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The future of live music event ticketing

Industry vet Mark Meyerson, now Vendini's VP of live music, says the tech-savvy will be at an advantage as mastering data, social and mobile becomes ever-more important

19 Aug 2016

Mark Meyerson, Vendini

The pace of change over the last ten years in the music industry and ticketing make the challenge of predicting the next ten a perfect exercise in silliness. I have seen tech fads come and go, and sometimes never even come – anyone remember when two-way paging was going to revolutionise the market? – so what to do?

Our team at VMusic, the strategic business unit within Vendini focused on live music, knows that the technology of the future needs to succeed in accentuating, amplifying and accelerating the essential and timeless quality experiences that live music can bring. This is the excitement of discovery, the power of social connection and sharing, the experience of art and the freedom of rock and roll. At the very heart of the matter for us is our focus on developing tools that widen the possibility of discovery and narrow the gap between commitment and purchase and give our members the tools to understand their audience and how to best reach them with compelling experiences.

The challenge is tough. I’m sure many of you already know first hand that it’s not easy to get the right show to the right people at the right time. Most venues and promoters are buried in ‘data’ and still really use a tiny fraction of what they have.

Most venues and promoters are buried in ‘data’ and still really use a tiny fraction of what they have

I kind of get things right every once in awhile, but I can’t pretend I’m a fortuneteller. What I can tell you is a few things I know for sure about the future of ticketing.

Customer experience will remain a priority, and content-rich multi-platform sites and communication channels will be among the tools venues use to inform and entice concertgoers to get the hell out of their homes. I can also tell you that strategic partnerships will continue to be paramount for live event businesses that want to widen distribution channels and meet the fan where they live.

At VMusic, we have already started to think about the way our tools and technology will evolve. We’re looking at how we can innovate the entire process – from ticket purchase, to event entry, to customer interactions at the event and even after. For most live event venues, the focus will be on implementing horizontal tools that make it easy to share socially and allow organic curation among groups of friends and possibly wider groups from there. As leaders in this industry, we have to constantly improve the purchase process to make it easy and intuitive. A big part of that innovation is really thinking about how we can make our software even more intuitive and seamless for our members. Their experience of creating and selling tickets for an event should be as easy as it is for the patron to buy a ticket from them.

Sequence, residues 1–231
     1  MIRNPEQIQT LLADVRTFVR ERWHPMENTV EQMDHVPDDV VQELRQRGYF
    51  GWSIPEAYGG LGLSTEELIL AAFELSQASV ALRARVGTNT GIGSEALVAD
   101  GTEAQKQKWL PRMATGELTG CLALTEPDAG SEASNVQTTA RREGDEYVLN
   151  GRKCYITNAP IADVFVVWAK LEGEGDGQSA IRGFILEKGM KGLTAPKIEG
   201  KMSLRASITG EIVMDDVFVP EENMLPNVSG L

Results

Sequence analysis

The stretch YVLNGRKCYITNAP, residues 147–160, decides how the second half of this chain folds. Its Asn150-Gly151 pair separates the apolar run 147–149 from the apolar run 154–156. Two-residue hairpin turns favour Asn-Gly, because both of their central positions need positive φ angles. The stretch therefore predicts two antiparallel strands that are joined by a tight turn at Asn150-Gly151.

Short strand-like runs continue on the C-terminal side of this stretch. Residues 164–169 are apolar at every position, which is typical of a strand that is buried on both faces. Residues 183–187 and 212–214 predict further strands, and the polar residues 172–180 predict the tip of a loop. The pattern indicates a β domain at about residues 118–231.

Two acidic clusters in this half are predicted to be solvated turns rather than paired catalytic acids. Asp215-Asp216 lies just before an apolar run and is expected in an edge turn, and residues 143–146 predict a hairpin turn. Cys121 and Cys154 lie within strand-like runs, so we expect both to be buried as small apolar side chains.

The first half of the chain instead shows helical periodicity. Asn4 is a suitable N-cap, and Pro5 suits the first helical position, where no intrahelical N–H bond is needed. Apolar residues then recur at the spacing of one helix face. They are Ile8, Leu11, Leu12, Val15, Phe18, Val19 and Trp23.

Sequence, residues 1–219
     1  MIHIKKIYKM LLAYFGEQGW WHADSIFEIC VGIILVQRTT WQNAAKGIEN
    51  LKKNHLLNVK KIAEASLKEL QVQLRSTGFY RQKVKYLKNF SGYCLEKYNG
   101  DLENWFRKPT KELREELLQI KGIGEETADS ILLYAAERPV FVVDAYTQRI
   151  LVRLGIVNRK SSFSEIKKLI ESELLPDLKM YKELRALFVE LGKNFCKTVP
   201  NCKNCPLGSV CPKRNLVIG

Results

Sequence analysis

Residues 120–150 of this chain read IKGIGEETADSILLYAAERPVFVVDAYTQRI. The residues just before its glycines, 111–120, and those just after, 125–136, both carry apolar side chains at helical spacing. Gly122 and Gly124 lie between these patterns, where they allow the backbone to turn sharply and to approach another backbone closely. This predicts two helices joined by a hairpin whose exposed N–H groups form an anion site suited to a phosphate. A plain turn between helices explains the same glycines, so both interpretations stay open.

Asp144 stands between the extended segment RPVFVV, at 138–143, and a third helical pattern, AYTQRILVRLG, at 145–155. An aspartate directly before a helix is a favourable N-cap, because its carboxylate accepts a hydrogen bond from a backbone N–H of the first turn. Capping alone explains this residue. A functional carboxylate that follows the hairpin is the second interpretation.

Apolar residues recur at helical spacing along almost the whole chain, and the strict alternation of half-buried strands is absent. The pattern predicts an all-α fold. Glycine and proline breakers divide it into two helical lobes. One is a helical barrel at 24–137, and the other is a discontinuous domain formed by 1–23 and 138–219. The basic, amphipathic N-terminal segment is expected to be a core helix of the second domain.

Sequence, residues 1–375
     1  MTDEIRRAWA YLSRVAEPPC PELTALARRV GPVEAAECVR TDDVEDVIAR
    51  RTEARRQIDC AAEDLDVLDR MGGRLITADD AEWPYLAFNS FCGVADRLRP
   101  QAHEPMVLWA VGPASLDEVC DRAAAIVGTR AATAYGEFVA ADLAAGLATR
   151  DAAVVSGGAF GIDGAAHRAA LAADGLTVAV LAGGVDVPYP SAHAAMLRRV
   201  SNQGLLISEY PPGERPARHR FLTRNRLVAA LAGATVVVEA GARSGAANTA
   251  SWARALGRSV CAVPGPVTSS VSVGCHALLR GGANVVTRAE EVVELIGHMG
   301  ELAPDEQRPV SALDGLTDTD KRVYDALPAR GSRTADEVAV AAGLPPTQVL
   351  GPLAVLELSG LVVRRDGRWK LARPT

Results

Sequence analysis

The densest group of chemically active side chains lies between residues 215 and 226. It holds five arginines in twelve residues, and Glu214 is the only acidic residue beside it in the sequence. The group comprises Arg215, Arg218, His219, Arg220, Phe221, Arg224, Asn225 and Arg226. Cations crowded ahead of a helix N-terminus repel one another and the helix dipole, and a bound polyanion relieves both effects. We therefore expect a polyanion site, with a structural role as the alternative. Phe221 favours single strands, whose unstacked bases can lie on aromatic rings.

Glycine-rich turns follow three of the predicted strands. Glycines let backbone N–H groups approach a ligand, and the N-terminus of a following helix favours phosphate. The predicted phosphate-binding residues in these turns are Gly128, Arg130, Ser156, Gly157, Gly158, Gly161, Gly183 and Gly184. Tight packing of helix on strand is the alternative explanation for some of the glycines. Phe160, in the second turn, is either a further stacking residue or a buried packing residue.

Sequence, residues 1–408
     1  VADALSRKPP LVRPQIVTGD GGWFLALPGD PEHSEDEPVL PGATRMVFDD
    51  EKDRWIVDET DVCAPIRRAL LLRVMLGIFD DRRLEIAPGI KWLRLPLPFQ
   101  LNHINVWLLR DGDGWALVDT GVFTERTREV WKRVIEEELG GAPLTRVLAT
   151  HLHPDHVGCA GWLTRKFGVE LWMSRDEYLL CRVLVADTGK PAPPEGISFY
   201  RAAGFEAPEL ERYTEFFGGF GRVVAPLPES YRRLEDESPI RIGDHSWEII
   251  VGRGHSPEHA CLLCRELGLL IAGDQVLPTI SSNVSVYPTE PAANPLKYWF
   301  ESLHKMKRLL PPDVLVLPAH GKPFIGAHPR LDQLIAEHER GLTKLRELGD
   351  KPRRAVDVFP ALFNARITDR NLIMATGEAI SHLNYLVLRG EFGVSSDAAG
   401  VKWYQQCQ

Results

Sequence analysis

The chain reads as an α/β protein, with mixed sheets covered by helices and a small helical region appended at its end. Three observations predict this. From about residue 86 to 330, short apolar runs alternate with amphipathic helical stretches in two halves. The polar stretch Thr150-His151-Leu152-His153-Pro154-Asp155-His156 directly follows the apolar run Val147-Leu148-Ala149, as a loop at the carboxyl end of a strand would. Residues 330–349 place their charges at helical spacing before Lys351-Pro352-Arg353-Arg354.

Companies in our industry will be creating post-event tools to capture other meaningful transactions, such as digital ‘nightbooks’ that include pictures, videos, sounds and posts from the night

As patrons become more active and interactive on their mobile devices, they have the power to open doors to revenue for a venue. I foresee companies in the live event ticketing business creating more event tools to enhance and share the experience. Obviously, this can be a rich source of data that can be used by our members to make better offers and enhance sponsorship opportunities. But since I have been a promoter and a venue operator, as well as now being on the provider side, I strongly urge our members and all producers out there to weigh the value they are providing their customers versus how they are using this rich trove of data.

I would also bet companies in our industry will be creating post-event tools to capture other meaningful transactions. This could be as simple as digital ‘nightbooks’ that include pictures, videos, sounds and posts from the night. Patrons could be prompted with follow-up opportunities to spark engagement with the venue or the artists – or even something transactional, like buying a T-shirt.

Ultimately, the core value of live music events will remain the same. Live events will always be about feeling the excitement, anticipation and discovery that comes with a new experience. Live events will always be a place where people can connect and feel like they belong; the only thing that will really change is how we amplify that experience. Bet on the technologies and the companies that are focused on doing that and you don’t really have to predict the future – you will be creating it.

 


Mark Meyerson is vice-president of live music at Vendini. He was formerly GM at CrowdTorch, which Vendini acquired in December 2015, and has served spells at Ticketmaster, AEG Live, House of Blues and Bill Graham Presents.

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